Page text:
wet brain

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Related to wet brain: Wernicke-Korsakoff syndrome


that part of the central nervous system contained within the cranium, comprising the forebrain (prosencephalon), midbrain (mesencephalon), and hindbrain (rhombencephalon); it develops from the embryonic neural tube. The brain is a mass of soft, spongy, pinkish gray nerve tissue that weighs about 1.2 kg in a human being. It is connected at its base with the spinal cord, which is also part of the central nervous system. Called also encephalon. (See also color plates.)

The brain is made up of billions of nerve cells, intricately connected with each other. It contains nerve centers (groups of neurons and their connections) which control many involuntary functions, such as circulation, temperature regulation, and respiration, and interpret sensory impressions received from the eyes, ears, and other sense organs. Consciousness, emotion, thought, and reasoning are functions of the brain. It also contains centers or areas for associative memory which allow for recording, recalling, and making use of past experiences.
Cerebrum. The largest and main portion of the brain, the cerebrum is made up of an outer coating, or cerebral cortex, consisting of gray matter, several cell layers deep, covering the cerebral hemispheres. The cortex is the thinking and reasoning brain, the intellect, as well as the part of the brain that receives information from the senses and directs the conscious movements of the body.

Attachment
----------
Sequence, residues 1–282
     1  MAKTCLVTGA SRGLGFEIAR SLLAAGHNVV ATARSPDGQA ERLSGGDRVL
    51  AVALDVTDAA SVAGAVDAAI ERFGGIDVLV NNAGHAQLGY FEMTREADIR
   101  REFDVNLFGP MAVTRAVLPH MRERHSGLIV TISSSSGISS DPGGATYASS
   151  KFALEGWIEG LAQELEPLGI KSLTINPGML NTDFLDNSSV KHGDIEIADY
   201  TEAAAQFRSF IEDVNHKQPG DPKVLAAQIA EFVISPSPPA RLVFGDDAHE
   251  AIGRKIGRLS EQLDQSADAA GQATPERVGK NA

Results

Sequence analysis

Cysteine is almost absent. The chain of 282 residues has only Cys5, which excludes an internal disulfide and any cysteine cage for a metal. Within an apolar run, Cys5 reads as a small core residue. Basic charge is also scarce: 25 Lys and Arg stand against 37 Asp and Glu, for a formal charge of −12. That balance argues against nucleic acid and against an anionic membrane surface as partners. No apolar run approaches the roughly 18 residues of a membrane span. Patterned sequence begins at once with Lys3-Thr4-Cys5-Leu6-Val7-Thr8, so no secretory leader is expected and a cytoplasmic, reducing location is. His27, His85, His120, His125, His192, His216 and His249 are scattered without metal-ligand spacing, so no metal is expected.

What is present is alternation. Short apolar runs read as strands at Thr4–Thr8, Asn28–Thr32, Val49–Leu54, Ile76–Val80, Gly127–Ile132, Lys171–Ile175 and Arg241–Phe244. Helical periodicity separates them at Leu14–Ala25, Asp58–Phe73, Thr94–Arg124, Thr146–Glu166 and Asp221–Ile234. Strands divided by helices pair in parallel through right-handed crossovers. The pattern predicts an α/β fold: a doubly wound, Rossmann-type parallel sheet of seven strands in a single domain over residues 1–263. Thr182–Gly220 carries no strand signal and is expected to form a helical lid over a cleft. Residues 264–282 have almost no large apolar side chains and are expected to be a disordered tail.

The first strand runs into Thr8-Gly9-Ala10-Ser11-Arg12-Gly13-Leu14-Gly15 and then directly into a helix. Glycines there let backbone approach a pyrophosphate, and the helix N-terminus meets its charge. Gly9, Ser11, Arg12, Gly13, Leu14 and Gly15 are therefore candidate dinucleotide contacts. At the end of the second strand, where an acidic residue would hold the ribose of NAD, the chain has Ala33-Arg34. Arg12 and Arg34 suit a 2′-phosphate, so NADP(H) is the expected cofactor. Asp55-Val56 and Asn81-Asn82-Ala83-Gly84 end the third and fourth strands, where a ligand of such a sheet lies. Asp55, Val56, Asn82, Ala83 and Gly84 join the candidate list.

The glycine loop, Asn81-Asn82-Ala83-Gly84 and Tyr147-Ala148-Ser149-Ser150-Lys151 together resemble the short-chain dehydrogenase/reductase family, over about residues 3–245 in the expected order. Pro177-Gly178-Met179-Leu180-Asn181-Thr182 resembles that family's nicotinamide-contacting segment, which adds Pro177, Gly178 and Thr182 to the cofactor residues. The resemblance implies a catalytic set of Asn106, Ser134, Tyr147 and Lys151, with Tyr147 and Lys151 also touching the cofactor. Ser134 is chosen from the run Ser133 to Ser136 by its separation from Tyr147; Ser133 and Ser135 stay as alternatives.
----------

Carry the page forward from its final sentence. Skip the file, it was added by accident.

In appearance the cortex is rather like a relief map, with one very deep valley (longitudinal fissure) dividing it lengthwise into symmetrical halves, and each of the halves again divided by two major valleys and many shallower folds. The longitudinal fissure runs from the brow to the back of the head, and deep within it is a bed of matted white fibers, the corpus callosum, which connects the left and right cerebral hemispheres.

The major folds of the cortex divide each hemisphere into four sections or lobes: the occipital lobe at the back of the skull, the parietal lobe at the side, the frontal lobe at the forehead, and the temporal lobe at the temple.
The Senses. The major senses of vision and hearing have been well mapped in the cortex; the center for vision is at the back, in the occipital lobe, and the center for hearing is at the side, in the temporal lobe. Two other areas have been carefully explored, the sensory and motor areas for the body, which parallel each other along the fissure of Rolando. In the sensory strip are the brain cells that register all sensations, and in the motor strip are the nerves that control the voluntary muscles. In both, the parts of the body are represented in an orderly way.